Kano Jigoro As Educator & Founder Of Judo

Kano Jigoro lived his life as an excellent teacher and athlete and left a legacy as the founder of Judo. He would start university in 1877; wanting to learn a martial art, he looked for Jiu-Jitsu teachers who would take him on as a student.

He figured that the best Jiu-Jitsu teachers would be those who were also doctors, in particular chiropractors, osteopaths or doctors who specialised in anatomy.

He believed their knowledge of the human body would enable them to teach their martial art more effectively. Eventually, he found that person in Keiko Fukuda, and he taught Kano martial arts next door to his doctor’s practice.

Kano Jigoro And His Early Martial Arts Training

The training method was mainly concerned with learning how to break fall by being thrown multiple times by the higher ranks and understanding that being thrown would help you feel the technique. 

Interestingly, Fukada had a more discovery-based teaching style. He would only briefly describe the technique and then allow students to practice through play and repetition until they learned the correct movement through experience.

Kano Had difficulty beating one of his training partners, and as a result, he began to try unorthodox techniques on him. These included techniques he learned from sumo wrestling and western wrestling (A Firemans Carry) until he could make them effective against his sparring partner.

Combining the best of all systems to produce a better result would be a constant theme throughout Kano’s life as he lived by and promoted the maxim of “Minimum Effort, Maximum Result”.

Kano As A School Teacher & Educator

Kano also earned his living as a teacher at university in majored in political science and economics, and after graduating, he began work as a professor of economics. He would also work for the Japanese government in the ministry of education and was the director of primary education at one stage, which gave him a financial grant to study abroad in Europe.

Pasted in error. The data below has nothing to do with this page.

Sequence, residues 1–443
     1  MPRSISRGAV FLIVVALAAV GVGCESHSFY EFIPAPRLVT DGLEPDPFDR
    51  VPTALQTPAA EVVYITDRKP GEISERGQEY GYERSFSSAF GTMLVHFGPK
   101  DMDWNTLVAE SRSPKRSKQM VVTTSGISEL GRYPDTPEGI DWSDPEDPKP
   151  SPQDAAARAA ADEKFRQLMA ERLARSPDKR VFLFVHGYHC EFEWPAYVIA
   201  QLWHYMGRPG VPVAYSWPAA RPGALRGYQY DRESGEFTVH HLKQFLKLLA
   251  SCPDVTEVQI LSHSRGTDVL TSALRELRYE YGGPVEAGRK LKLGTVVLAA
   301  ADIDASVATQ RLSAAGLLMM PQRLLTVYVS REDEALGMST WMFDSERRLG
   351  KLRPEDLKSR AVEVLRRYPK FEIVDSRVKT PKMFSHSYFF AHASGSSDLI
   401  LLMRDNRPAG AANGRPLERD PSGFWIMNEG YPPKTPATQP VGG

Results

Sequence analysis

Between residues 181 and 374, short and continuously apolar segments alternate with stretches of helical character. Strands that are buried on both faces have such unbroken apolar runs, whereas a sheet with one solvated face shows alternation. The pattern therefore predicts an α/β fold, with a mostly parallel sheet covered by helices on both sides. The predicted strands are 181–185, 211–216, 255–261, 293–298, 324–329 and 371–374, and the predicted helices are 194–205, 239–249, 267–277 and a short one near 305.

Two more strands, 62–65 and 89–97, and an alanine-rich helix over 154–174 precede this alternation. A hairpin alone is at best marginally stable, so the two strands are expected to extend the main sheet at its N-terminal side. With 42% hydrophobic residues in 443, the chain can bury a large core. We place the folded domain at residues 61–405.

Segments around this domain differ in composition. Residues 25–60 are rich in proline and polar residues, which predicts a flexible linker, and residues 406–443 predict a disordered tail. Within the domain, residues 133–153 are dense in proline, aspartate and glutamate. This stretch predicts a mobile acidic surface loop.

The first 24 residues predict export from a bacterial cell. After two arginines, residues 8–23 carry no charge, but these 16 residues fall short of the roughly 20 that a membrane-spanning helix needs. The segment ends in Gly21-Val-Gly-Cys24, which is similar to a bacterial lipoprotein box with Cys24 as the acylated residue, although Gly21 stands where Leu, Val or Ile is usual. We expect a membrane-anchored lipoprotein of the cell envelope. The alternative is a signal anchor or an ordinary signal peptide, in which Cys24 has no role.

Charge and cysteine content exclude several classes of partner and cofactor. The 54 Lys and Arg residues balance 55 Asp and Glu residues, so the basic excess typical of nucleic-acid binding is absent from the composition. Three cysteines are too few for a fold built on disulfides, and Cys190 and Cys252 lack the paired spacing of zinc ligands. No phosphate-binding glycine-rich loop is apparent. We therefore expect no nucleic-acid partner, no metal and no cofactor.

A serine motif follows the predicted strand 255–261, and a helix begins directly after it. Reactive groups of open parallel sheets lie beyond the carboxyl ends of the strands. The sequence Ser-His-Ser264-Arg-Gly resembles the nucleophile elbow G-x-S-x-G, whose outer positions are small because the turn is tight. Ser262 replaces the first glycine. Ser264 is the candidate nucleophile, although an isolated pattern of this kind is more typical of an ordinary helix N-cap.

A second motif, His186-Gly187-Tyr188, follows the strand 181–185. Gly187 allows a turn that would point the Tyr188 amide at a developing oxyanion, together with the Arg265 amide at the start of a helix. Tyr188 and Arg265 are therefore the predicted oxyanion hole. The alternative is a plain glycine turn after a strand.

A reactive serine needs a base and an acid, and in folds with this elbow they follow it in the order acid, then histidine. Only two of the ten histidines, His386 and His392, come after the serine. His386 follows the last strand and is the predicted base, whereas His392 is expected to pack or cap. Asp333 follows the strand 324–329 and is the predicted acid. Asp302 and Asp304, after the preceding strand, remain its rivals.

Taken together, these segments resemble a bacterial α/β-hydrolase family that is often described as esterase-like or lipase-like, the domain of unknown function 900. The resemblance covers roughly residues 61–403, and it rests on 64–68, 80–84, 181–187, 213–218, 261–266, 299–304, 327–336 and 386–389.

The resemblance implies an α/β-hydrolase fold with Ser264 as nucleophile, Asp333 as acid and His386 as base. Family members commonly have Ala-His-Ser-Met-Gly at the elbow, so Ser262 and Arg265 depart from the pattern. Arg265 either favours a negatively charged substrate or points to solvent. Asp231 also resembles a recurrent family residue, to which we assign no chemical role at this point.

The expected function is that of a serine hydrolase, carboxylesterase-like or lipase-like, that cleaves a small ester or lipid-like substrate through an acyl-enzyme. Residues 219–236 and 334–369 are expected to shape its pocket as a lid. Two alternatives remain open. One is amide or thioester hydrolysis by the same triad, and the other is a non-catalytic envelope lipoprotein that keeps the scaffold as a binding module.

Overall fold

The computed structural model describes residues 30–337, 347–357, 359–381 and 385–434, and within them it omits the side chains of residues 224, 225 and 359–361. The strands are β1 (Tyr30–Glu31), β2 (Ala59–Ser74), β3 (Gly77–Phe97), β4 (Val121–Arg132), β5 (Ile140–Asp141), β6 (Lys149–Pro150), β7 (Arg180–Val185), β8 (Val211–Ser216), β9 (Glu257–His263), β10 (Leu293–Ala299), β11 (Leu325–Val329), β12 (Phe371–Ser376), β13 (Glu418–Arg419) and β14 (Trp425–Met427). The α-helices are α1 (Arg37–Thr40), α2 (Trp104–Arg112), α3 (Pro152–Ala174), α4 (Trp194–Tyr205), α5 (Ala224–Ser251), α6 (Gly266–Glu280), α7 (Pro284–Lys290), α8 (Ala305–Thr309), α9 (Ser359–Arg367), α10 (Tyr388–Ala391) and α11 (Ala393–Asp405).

Kano used his academic position to develop his students’ minds, bodies, and spirits. His ideas ran counter to the common thoughts of the time, which had a heavy emphasis on callisthenics. These callisthenics were performed in large military-like formations repetitively. Kano felt that these were boring to the students and lacked moral or intellectual development aspects.

After Kano had developed his Judo system, he felt that it would be a much better replacement for the callisthenics of the time. It would allow an all-encompassing martial art to provide physical exercise and moral development and engage the students in their workouts.

The Founding of Judo

Kano continued to practice his martial arts and even demonstrated jiu-jitsu in front of the President of the United States of America. He would train under multiple teachers with differing Jiu-Jitsu styles and with different opinions of Kata and Randori. Kano would study the different style types, taking all the lessons onboard until he eventually established the Judo Kodokan.

Kano established the Judo Kodokan after overtaking his teacher’s skill level and becoming confident in his system. He founded the style that he named Judo which means “The Way”. It combined multiple choking, pinning, and throwing techniques from the traditional forms he had previously studied under numerous teachers.

The Development of Judo

By taking all the practical techniques from the various systems he had studied, his new system of Judo provided a holistic way of teaching physical education, moral development and methods for self-defence and combat situations. 

The topic of his development of Judo and the inclusion of the moral system and the ways he used it to promote helping the community is a topic I discussed with School Of Grappling where we went over his book “Mind Over Muscle“.

His combination of experience as a teacher, education administrator, and advocate for Judo would eventually lead to Judo’s introduction into the Japanese public schooling system.

The Kodokan would have separate premises as a full-time Judo Dojo and would increasingly gain popularity, enrolling more students and progressively requiring moving to more significant buildings multiple times to accommodate the expanding student base requirement for grappling mat space. 

The Passing Of Kano

Eventually, Kano would pass away while on a ship during a voyage for the International Olympic Committee from pneumonia. At the same time, some suspicions did exist about the exact circumstances of his death. Still, his work with establishing Judo, the Kodokan, his philosophy and his legacy continues to survive into the modern-day.

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